Anal Itching

Rate this item
(0 votes)


What is Anal Itching?

Anal itching or pruritus ani (proo-RIE-tus AY-nie) is itching around the anus (the outlet of the rectum), which may be temporary or persistent and accompanied by a strong, uncontrollable urge to scratch.

Possible causes of anal itching include:

• Local causes. Both dry skin due to aging and too much moisture around the anus from excessive sweating or from moist, sticky stools.

• Medical conditions such as fecal incontinence, skin disorders, yeast and other infections, hemorrhoids, anal abrasions, fissures, and fistulas, and anal tumors can all cause anal itching.

• Medications. Some antibiotics, as well as overuse of laxatives, can lead to diarrhea that can irritate the anus and cause excessive itching.

• Irritants from chemicals such as laundry soaps, colognes, douches and birth control products can irritate skin around the anus, and certain foods can cause diarrhea or may directly or indirectly irritate your anus as they exit your colon.

 • Eating certain foods, smoking and drinking alcoholic beverages, especially beer and wine, may cause pruritus ani in some individuals.  Some food items associated with anal itching are:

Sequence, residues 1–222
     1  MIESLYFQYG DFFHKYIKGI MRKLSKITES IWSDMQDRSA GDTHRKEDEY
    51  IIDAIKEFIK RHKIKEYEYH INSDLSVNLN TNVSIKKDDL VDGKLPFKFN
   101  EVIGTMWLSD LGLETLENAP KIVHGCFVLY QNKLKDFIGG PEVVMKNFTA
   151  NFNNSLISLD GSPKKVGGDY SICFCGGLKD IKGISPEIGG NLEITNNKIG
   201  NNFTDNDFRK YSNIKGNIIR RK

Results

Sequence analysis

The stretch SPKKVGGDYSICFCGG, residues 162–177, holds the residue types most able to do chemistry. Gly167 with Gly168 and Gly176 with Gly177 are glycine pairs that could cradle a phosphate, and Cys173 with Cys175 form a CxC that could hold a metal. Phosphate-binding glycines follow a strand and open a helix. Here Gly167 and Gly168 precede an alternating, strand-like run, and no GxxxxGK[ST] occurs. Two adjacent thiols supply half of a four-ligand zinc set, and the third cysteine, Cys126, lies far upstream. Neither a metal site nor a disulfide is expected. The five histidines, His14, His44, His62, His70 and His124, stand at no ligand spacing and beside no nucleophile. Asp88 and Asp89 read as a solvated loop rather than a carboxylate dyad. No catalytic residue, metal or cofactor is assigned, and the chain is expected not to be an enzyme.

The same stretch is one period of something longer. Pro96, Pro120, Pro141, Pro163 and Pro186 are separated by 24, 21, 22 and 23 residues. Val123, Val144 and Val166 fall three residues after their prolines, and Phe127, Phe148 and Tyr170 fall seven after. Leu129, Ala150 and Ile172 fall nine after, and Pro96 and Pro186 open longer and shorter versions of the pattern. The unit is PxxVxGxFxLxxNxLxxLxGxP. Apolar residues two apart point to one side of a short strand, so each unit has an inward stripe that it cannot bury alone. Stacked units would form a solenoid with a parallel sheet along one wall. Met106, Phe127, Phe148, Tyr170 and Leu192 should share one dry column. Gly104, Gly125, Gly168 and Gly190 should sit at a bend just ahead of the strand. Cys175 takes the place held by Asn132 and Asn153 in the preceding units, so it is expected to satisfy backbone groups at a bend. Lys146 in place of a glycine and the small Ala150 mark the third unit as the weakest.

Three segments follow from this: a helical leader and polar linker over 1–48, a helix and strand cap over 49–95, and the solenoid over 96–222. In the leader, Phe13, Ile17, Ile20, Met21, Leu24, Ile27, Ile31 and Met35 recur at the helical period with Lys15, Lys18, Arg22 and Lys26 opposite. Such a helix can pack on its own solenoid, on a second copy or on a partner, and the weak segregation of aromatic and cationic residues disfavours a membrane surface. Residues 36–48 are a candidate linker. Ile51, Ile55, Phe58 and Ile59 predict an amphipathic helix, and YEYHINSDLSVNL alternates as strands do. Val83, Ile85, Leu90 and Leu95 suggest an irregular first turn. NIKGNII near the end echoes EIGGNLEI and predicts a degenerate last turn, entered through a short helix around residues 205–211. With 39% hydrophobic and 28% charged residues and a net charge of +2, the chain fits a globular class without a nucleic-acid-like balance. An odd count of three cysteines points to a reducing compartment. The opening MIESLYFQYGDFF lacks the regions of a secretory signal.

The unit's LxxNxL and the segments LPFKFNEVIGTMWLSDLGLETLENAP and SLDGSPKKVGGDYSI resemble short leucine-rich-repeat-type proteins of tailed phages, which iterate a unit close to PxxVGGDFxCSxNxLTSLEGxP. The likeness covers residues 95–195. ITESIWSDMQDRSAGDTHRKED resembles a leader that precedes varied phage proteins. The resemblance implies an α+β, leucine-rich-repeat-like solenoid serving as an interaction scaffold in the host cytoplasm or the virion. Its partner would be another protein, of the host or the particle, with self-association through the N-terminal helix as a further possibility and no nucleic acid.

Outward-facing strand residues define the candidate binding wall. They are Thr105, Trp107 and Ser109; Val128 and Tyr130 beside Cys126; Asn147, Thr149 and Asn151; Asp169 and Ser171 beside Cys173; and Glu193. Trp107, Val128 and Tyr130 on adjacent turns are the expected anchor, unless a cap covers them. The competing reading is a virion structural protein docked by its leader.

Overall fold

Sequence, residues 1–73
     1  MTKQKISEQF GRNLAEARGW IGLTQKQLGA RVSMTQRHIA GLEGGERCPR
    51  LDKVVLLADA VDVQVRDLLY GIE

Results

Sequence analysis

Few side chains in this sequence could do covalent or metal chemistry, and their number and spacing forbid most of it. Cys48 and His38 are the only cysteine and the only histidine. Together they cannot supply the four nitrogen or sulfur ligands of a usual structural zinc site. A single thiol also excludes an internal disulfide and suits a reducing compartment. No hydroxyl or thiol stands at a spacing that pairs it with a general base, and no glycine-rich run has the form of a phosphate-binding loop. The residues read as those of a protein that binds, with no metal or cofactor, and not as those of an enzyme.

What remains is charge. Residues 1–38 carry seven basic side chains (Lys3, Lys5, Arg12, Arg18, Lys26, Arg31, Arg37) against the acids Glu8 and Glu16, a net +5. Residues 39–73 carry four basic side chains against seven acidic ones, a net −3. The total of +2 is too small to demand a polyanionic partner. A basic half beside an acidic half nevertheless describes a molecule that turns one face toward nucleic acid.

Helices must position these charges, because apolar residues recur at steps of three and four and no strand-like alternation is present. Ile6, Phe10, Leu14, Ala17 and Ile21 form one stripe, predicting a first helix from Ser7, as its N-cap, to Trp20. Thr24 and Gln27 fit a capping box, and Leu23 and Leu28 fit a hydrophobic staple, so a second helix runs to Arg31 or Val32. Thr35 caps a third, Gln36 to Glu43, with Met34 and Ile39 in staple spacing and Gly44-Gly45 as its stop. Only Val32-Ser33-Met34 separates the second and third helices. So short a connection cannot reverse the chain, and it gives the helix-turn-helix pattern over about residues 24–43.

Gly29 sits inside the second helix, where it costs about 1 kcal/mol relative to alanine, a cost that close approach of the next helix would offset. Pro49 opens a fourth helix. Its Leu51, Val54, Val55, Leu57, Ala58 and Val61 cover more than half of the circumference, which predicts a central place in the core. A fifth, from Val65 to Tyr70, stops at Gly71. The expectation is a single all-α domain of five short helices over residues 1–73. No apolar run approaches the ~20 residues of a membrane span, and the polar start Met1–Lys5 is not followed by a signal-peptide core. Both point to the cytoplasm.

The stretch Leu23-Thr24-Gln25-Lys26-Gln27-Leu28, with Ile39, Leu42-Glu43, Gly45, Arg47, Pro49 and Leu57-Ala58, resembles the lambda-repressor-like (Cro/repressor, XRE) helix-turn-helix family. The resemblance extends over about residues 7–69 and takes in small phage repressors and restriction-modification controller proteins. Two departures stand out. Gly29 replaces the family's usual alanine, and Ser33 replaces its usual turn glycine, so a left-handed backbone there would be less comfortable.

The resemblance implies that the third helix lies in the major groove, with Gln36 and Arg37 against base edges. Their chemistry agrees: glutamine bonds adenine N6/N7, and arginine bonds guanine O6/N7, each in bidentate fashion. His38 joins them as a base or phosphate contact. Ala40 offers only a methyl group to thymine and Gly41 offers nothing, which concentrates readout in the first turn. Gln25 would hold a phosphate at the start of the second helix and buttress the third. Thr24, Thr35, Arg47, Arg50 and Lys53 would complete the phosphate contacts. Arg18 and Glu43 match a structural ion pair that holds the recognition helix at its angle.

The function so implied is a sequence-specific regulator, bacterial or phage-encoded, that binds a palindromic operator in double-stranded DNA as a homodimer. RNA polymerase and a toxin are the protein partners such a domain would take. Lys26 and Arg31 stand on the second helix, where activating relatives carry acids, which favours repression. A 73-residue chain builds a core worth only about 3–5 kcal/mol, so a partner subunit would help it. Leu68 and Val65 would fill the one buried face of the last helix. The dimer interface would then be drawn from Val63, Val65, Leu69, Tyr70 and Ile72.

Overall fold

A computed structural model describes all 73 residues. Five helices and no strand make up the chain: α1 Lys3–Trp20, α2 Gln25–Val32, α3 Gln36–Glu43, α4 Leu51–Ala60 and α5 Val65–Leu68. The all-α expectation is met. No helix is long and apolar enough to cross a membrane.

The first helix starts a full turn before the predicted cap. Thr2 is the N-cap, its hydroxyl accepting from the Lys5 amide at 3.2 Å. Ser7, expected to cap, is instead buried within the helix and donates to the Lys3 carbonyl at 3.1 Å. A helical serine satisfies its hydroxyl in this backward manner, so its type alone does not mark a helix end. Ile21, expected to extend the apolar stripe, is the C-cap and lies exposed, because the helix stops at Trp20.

• Coffee, Tea

• Carbonated beverages

• Milk products

• Tomatoes and tomato products such as Ketchup

• Cheese

• Chocolate

• Nuts

• Personal habits such as scratch­ing and excessive washing irritate the anus and aggravate itching.

 • Other causes. Anal itching may be related to anxiety or stress.

 • Sometimes, the cause is undetermined.


Anal itching is associated with other similar symptoms in and around the anus, including burning, soreness or pain.

Lifestyle and home remedies


Prevention of anal itching mainly involves washing properly and avoiding irritants. If you already have anal itching, try these self-care measures:

• Cleanse gently. Wash the area with water in the morning, at night and im­mediately after bowel movements.

• Dry thoroughly. Pat, don’t rub, the area dry with toilet paper or a towel, and keep the area dry with a piece of cotton gauze or non-medicated talcum or cornstarch powder.

• Use over-the-counter (OTC) treatments correctly.

• Don’t scratch. If you can’t tolerate the itching, apply a cold compress to the area or take a lukewarm bath to find some immediate relief.

• Switch tissue. Use moistened or extra soft unbleached, unscented toilet paper or unscented flushable bathroom wipes.

• Wear cotton underwear and loose clothing. Avoid wearing clothes that trap moisture such pantyhose and other tight-fitting garments.

      • Avoid irritants such as bubble baths and genital deodorants, beverages or foods that you know irritate your anal area.


Should the itching persist, become too bothersome, or be accompanied by other symptoms, it would be best to see your colorectal specialist and discuss your problem with him.


Read 20009 times
More in this category: « Incontinence Hemorrhoids »